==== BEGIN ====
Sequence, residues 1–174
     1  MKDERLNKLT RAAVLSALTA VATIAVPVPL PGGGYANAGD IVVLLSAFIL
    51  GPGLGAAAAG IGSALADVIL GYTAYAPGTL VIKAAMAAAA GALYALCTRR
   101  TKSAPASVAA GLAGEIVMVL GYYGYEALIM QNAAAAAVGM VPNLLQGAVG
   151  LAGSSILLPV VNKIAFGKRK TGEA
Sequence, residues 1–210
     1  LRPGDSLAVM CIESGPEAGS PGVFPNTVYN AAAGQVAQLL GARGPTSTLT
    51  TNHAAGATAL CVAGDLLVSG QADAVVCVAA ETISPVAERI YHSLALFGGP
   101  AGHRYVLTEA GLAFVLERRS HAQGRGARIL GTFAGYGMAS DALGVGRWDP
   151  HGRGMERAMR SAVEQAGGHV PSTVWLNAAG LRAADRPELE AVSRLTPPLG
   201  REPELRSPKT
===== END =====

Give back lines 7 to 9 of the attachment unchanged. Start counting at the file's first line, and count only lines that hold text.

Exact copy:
     1  LRPGDSLAVM CIESGPEAGS PGVFPNTVYN AAAGQVAQLL GARGPTSTLT
    51  TNHAAGATAL CVAGDLLVSG QADAVVCVAA ETISPVAERI YHSLALFGGP
   101  AGHRYVLTEA GLAFVLERRS HAQGRGARIL GTFAGYGMAS DALGVGRWDP